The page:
Time to say goodbye

Today a friend came to see me one more time before leaving Ireland to return to Romania. I was a bit sad thinking that during the last two years she’s been in Dublin we only met a few times. But we are such close online friends that distance won’t really make much difference…

I met Diana in 2004, when she left a comment on one of my blogposts on Prinsea, a blog I was co-writing with Gabriel Radic, a Romanian living in Paris, about the tips and tricks of blogging. To our knowledge, it was the first source of information about blogging in Romanian. I took Diana’s comment as offensive, so I fired back. Gabriel asked us to stay calm and take it offline. E-mails followed, then IM. Misunderstanding clarified, we sent each other virtual hugs and became friends.

Later in 2005, the fact that a Romanian candidate for a PhD position on my project was turned down (she had two degrees and a master’s, but no publications)  made me think of a possible solution to this problem.  In the west, very few people realise how things work back in Romania, and that it is almost impossible as a student to attend any relevant international conference in your field, or even a workshop. The access to prestigious publications in one’s field is also limited – the universities can’t afford subscribing.  And nobody could ever dream publishing straight into a journal without being familiar with the latest progress in your field and without a supervisor’s support.   At the time, I was an observer on elgg, a social networking platform developed around the idea of eportfolio. I decided to encourage a group of graduate students from Romania to start building an online portfolio in English, writing about their research interests, their readings and future plans. My idea was that adding the url to their CVs could make a difference and give their potential international supervisors an idea about their abilities.  I have no idea how much the blog/portfolio idea helped to get a position – they were brilliant students anyhow, but all the 5 people in that group got the chance to study abroad. Diana was among them, and she came to NCI in Dublin to do a master’s in Learning Technologies 2 years ago.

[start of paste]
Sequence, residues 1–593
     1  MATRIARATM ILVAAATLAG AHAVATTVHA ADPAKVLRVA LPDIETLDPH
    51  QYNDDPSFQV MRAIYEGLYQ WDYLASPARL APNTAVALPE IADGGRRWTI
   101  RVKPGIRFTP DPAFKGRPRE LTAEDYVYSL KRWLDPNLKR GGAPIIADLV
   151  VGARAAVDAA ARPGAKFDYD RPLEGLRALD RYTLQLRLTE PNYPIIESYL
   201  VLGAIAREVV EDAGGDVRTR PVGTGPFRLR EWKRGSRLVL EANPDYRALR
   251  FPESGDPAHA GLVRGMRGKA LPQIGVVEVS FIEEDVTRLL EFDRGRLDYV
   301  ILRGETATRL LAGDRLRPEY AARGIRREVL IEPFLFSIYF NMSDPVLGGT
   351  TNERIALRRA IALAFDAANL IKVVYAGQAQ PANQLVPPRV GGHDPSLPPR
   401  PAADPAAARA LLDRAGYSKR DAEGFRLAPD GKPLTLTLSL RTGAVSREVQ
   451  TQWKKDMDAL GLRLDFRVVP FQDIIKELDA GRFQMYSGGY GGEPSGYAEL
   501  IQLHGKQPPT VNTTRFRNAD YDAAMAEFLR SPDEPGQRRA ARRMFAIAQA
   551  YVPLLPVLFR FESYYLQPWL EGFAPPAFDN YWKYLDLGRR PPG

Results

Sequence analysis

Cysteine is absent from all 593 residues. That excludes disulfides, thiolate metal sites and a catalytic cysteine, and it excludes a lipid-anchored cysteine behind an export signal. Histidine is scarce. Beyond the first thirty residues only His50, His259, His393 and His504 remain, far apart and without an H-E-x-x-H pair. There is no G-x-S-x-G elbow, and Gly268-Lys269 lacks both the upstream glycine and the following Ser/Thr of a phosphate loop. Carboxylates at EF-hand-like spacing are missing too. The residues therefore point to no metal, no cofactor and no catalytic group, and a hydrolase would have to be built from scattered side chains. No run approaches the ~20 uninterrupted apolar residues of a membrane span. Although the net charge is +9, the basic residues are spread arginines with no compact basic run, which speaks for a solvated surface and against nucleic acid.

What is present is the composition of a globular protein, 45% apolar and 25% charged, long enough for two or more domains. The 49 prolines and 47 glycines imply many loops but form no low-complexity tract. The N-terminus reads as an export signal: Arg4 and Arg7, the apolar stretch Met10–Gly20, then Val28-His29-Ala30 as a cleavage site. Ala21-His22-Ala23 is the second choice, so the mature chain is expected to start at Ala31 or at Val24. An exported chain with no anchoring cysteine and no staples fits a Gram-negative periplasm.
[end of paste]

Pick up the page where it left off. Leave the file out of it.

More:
And now she’s getting ready to return to Romania. She was invited to continue with a PhD, but she’s too keen to move back home and apply what she learnt. Time to say goodbye… no more dinners in Dublin together between the Damastown bus and the 9pm Limerick train!

Diana with Akoha card

Two weeks ago at Barcamp Cork II, Emma Persky made me smile and gave me an Akoha card:). “Akoha is a new type of “social reality game” inspired by the idea of pay it forward where players play real-world missions that can be tracked online” – their website says.

I played my card with Diana today, as I knew she will enjoy playing it forward. Farewell, and may the road rise up to you, dear friend!

November 16 2008 | Uncategorized | 1 Comment »